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CNN features Native American dancers with ties to Southern Ute tribe

Two-spirit couple redefine traditional couples dance
A two-spirit couple with ties to the Southern Ute Indian Tribe is reshaping traditional powwow dances.

Sean Snyder, who is of Southern Ute and Navajo heritage, has been making history through dance, according to a recent CNN feature.

Snyder and his fiancée, Adrian Stevens, are breaking the mold of traditional couples routines at powwows – called sweetheart specials – by participating as a two-spirit couple. A recent photo feature, published by CNN on Feb. 3, shares some of the couple’s story.

“Their routines and matching regalia – each embellished with their own handmade beadwork – have brought them widespread attention,” said CNN’s Jacqui Palumbo in the story about the Native American couple redefining cultural norms.

Snyder and Stevens have been together for years and identify as two-spirit, which within North American Indigenous communities, refers to people who possess both masculine and feminine spirits, but it can also be used to represent LGBTQ+ Indigenous people more broadly, Palumbo said.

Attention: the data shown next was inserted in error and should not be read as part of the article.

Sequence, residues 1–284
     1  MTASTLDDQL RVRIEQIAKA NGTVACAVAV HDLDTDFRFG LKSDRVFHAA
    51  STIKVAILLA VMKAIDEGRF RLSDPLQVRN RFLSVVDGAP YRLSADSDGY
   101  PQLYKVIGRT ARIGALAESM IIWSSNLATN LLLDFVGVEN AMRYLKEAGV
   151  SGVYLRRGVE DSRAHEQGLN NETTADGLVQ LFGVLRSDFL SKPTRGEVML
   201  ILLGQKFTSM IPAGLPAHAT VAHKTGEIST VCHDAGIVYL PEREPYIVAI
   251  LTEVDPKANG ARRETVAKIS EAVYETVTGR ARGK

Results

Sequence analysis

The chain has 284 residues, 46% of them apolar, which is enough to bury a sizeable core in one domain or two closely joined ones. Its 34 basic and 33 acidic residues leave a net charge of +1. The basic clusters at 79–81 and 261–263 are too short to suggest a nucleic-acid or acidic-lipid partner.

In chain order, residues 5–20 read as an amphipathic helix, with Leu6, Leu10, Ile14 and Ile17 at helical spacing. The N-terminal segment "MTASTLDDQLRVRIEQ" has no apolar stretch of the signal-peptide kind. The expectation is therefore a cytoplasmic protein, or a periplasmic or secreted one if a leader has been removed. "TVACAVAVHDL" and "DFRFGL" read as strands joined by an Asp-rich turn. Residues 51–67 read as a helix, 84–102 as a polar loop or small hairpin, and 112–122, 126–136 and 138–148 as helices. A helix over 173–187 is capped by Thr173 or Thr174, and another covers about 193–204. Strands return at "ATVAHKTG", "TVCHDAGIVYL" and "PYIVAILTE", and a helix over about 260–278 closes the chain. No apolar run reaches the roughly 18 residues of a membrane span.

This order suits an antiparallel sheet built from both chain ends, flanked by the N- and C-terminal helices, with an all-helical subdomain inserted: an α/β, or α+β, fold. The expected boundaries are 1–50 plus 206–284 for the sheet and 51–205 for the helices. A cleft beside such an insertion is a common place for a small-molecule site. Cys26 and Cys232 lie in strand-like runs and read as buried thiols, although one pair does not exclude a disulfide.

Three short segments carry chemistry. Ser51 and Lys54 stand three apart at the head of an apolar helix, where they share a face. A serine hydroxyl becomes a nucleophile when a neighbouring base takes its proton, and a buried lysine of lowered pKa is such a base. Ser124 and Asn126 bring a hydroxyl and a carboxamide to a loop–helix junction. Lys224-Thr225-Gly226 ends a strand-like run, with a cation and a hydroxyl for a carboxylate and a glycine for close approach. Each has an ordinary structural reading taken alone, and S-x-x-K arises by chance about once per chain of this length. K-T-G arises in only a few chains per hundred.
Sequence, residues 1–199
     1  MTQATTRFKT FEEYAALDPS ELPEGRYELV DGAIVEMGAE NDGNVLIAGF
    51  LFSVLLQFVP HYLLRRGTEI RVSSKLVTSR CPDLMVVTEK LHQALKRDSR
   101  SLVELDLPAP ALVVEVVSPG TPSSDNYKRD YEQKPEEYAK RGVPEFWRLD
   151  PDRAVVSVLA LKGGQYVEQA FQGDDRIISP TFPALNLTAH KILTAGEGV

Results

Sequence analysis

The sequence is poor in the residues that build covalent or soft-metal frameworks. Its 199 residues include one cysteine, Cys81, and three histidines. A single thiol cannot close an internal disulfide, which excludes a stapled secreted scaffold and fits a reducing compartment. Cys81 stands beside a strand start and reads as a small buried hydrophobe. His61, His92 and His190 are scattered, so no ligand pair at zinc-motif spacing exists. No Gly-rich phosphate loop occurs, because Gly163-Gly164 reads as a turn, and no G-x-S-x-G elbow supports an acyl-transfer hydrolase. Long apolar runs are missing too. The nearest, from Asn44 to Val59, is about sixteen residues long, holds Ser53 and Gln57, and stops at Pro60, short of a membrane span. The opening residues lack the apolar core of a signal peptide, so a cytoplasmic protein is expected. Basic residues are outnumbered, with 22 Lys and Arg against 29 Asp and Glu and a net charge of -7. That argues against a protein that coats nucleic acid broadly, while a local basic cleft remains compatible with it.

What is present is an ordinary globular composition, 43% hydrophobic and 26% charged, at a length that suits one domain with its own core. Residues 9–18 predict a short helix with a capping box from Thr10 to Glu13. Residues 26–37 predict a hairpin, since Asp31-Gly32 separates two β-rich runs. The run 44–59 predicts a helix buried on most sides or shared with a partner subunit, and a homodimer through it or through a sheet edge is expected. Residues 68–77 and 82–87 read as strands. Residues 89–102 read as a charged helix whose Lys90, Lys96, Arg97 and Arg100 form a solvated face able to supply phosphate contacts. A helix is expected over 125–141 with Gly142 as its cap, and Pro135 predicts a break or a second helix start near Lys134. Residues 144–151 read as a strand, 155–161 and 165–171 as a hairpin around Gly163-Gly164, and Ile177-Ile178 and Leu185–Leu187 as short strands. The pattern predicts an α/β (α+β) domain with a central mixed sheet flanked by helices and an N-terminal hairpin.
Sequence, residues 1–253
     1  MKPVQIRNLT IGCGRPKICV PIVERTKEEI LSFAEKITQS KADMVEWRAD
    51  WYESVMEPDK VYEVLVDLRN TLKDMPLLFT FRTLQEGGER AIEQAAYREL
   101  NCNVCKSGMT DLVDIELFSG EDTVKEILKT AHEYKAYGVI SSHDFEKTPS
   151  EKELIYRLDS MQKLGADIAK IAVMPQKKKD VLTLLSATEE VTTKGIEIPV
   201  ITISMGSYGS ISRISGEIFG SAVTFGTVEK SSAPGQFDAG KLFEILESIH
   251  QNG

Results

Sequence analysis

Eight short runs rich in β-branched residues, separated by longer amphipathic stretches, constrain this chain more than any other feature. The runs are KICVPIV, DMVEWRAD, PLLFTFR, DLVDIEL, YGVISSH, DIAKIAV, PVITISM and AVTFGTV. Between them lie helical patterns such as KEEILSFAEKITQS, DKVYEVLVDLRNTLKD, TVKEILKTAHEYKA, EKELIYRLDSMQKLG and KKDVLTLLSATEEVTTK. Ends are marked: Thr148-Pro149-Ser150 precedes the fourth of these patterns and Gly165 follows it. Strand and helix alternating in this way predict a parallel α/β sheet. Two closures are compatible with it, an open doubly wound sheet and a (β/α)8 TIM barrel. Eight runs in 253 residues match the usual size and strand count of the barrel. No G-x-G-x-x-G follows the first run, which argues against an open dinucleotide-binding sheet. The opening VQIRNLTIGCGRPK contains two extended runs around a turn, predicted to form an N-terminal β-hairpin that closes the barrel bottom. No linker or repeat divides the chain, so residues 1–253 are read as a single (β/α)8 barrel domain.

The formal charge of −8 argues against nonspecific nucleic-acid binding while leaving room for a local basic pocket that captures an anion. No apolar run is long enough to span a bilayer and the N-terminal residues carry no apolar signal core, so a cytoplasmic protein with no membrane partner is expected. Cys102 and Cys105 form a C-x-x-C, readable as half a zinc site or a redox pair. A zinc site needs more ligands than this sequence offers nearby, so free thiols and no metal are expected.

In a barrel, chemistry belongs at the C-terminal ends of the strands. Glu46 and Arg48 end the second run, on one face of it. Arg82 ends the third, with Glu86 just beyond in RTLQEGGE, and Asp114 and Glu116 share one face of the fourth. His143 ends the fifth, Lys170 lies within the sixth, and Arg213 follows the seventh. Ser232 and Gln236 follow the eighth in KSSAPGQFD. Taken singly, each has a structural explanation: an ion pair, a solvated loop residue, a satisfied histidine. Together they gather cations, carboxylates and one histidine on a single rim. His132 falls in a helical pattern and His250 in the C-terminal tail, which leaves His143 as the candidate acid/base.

Synder could not be reached for comment for this story. Stevens is of Northern Ute, Shoshone-Bannock and San Carlos Apache heritage.

In 2017, the dancers were disqualified from a Sweetheart’s Special at the San Manual Band of Mission Indians powwow in California. The dancers registered as a man-woman couple – the only registration option – to be able to perform their routine, according to The Seminole Tribune.

Since then, the Nevada-based dancers have been able to dance as a couple at other powwows, ranking high in competitions along the way.

The CNN feature shares the couple’s story through photography by Tomas Karmelo Amaya. The couple, in full regalia, danced and posed in front of an overcast sky in Minnesota’s Prairie Island Indian Community.

Amaya called his images “visual medicine,” and spoke about the importance of visibility for the two-spirit community, according to the article.

The couple’s story has also been featured in Vogue, the PBS Short Film Festival and Salt Lake Magazine.


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